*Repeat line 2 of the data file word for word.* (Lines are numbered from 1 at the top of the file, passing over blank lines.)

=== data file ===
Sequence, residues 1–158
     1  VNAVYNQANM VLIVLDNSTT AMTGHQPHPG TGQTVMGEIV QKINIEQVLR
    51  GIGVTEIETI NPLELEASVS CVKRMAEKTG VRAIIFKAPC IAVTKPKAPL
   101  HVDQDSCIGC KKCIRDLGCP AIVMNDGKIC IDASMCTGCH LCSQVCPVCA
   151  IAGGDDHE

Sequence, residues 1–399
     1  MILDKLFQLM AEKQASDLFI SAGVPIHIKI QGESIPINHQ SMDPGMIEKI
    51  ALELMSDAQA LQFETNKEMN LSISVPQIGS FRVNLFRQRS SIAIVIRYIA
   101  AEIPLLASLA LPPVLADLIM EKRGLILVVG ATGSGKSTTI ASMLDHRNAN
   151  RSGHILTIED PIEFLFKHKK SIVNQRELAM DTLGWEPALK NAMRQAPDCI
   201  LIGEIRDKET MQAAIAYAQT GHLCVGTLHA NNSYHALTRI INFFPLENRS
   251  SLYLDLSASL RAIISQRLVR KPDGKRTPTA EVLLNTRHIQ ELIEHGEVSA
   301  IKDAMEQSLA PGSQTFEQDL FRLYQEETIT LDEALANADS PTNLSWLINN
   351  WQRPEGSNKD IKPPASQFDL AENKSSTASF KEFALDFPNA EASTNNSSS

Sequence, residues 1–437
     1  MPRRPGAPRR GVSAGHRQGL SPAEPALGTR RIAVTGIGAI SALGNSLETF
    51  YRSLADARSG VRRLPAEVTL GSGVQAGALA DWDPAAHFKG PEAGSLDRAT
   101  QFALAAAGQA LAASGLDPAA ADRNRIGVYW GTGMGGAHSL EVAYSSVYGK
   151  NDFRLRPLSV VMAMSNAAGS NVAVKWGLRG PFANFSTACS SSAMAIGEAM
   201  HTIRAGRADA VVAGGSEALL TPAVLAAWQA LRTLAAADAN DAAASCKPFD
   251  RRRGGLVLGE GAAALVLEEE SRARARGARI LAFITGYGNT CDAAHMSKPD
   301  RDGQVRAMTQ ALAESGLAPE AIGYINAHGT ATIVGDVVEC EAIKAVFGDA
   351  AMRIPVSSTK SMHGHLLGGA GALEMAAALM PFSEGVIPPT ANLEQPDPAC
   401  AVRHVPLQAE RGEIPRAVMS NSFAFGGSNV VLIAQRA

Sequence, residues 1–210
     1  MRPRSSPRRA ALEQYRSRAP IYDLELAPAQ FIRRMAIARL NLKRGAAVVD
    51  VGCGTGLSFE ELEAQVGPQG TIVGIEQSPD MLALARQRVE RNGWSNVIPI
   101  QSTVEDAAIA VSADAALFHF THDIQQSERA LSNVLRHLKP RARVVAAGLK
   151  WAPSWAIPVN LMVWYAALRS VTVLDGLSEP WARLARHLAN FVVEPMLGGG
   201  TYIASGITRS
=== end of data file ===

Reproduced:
     1  VNAVYNQANM VLIVLDNSTT AMTGHQPHPG TGQTVMGEIV QKINIEQVLR